Updated: February 4, 2013 10:50AM
NEW ORLEANS — Ray Lewis got so worked up before Super Bowl XLVII on Sunday that I thought he might be too exhausted to play.
Seriously. The Baltimore Ravens star, who evokes just about every emotion possible in observers — love, hate, amazement, disgust, envy, sadness, joy — was wringing-wet and eye-bulgingly intense as he stalked off the field after a ferocious warmup in the Superdome.
Then he came back and, in the final game of his 17-year Hall of Fame career, played like a man who has more energy than, well, at least this badly wired place. In fact, it was almost unfair to make Lewis, who will be 38 in May, cool down again and wait 34 minutes early in the third quarter while somebody in New Orleans figured out how to get enough electricity into the building to reignite the suddenly blown-out lights.
As play resumed, Lewis — his No. 52 jersey untucked and his right arm harnessed in a brace resembling a false limb — stood stock-still before each snap, reading, focusing, prepared to make no false steps. It was clear from the beginning he was a limited man; hardly any other player could play middle linebacker at all with a torn triceps.
Yet he anticipated the San Francisco 49ers’ read-option
plays. He dropped into zones without hesitation. He made tackles with that nearly useless arm. Pain, clearly, is something Lewis either doesn’t feel or can blot out of his mind the way some can blot out remorse.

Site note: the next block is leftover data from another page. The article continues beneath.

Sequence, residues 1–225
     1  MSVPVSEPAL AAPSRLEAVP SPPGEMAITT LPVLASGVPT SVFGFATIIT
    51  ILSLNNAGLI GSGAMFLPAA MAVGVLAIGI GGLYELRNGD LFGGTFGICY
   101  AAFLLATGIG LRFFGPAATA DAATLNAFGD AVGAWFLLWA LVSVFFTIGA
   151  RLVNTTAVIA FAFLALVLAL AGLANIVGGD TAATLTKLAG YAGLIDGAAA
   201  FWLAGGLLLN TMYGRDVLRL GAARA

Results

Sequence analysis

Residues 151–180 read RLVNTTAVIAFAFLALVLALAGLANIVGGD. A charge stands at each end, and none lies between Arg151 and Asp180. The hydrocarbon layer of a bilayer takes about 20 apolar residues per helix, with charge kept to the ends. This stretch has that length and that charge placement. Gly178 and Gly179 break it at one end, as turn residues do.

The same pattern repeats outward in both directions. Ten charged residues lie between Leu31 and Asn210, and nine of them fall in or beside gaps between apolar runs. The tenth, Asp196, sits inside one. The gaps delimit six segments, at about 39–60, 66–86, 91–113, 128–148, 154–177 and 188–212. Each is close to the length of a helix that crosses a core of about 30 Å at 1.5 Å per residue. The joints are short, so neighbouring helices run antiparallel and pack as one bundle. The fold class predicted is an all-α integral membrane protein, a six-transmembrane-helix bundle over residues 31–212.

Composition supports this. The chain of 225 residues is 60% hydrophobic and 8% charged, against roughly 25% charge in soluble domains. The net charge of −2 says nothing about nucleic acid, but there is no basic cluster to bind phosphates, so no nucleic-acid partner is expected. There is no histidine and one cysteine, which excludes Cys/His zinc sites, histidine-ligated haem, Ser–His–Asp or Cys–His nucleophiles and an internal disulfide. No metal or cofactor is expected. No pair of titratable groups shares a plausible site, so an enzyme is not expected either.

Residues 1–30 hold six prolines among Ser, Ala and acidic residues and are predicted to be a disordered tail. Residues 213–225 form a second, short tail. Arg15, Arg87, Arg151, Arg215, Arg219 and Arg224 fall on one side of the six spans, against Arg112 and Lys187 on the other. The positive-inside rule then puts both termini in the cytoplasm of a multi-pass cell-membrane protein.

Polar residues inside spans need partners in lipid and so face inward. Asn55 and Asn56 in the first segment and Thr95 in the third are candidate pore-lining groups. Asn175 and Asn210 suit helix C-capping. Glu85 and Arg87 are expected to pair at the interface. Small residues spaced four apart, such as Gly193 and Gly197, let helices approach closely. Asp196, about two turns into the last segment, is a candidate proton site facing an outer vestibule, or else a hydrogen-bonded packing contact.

That might be why he is such an amazing football player and why, in his announced finale, with every camera stuck under his pirate-painted face, he could play the way he did. Everyone knows about the double-murder knifing incident from 13 years ago, about how Lewis was fined by the NFL for his role in it, about how evidence disappeared and about how he paid undisclosed sums to the families of each victim. Yet he never was convicted of anything but obstruction of justice and never went to jail.
You can pick two ways to look at that horrible time: Lewis is scum or Lewis is redeemed.
All heroes need redemption at some point. So, for the moment, with Lewis giving his team a final crazy dance and all that hellfire pep-talk stuff, maybe we cut him some slack and say he’s going out like almost nobody ever has.
He came in with style, too. The Ravens selected the All-American from Miami with the 26th overall pick — their second of the first round — of the NFL draft in 1996. A seeming affront, right? Except the guy the Ravens took before him, offensive tackle Jonathan Ogden, was voted Saturday into the Hall of Fame. Two ballers like that? Dang.
‘‘There is no greater win,’’ Lewis said from the winner’s platform after the game, ‘‘than to go out with the men I went out with.’’
There at the end, on the 49ers’ last meaningful drive — the one that would make the difference between winning and losing — Lewis made two tackles and was in on a couple of others. Sure, he looked as slow as a glacier compared to young 49ers quarterback Colin Kaepernick, but who doesn’t?
It was something to see, the two of them facing each other intently, separated by seven yards, by entire lives. Then it was fourth down-and-goal. Game on.
Lewis edged up slowly; maybe the nervous young man across from him didn’t notice. The ball was snapped and Lewis blitzed,
his churn in the middle at least part of the reason Kaepernick’s pass went awry.
The Ravens won 34-31.
And Ray Lewis, joyously, joyfully, is done.